I just got back from a two day course by Vitae on “How to be an effective researcher for postgraduate researchers”. It was fun. And a few activities really left me intrigued. One such activity was a role play with one person behaving as a supervisor and the other as a PhD student at the cusp of his/her upgrade. Each was briefed slightly differently, and had to deal with the issue at hand.
The ensuing dialogue, which was monitored and commented on by a group (who also took turns in the dialogue), is an insight into the sometimes contesting, potentially unstable, and highly complex interaction that can occur for some people in a supervisor meeting. My advice? Treat every supervision meeting like a mini-viva, try to take charge of your research, and explore answers to questions before you pose them to the supervisors.
Another activity involved describing one’s research project in around 100 words, and then being interrogated by a group of other students. Being quizzed by a group of educated people in another field, in this way, is one of the best ways a PhD student can conceptualise his/her research, and explain its practicalities and utility.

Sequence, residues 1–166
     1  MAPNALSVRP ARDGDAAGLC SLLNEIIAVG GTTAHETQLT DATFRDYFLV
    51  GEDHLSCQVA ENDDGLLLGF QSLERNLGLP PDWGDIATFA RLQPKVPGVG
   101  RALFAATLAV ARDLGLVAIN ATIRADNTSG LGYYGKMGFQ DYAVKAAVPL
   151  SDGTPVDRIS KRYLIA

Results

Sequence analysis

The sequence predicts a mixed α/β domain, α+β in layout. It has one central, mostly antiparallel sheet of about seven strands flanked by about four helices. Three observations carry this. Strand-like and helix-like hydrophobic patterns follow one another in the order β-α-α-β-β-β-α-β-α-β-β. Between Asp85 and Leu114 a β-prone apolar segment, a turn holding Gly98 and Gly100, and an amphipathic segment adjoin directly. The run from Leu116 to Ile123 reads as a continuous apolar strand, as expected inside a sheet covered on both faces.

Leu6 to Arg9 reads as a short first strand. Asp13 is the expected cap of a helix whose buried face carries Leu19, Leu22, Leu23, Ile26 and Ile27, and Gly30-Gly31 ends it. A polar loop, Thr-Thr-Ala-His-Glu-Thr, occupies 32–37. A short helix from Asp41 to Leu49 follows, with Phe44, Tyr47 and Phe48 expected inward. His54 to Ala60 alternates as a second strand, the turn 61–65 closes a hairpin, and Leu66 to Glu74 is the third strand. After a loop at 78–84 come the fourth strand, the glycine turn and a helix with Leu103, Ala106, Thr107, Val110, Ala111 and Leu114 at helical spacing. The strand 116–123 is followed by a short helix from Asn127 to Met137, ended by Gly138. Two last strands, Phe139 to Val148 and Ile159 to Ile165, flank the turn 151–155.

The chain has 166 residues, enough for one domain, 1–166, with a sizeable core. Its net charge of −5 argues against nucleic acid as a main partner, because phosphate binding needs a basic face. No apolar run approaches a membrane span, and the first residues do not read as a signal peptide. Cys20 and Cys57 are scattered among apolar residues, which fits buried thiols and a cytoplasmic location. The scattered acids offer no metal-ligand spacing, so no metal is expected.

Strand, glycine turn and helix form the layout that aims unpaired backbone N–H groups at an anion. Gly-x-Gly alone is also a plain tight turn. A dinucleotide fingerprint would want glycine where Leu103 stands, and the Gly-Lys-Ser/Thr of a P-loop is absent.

Another useful aspect of the course was an activity which involved participants drawing the ‘ideal researcher’. In our picture, the researcher is holding a globe. It was my contention that researchers should be:
- altruistic, in that their research should serve the world and its inhabitants primarily;
- constantly enquiring and hungry for knowledge;
- more focussed on the effective articulation of a problem than a solution, as the reverse can leave one chasing a futile goal.
Categories: PhD Reflections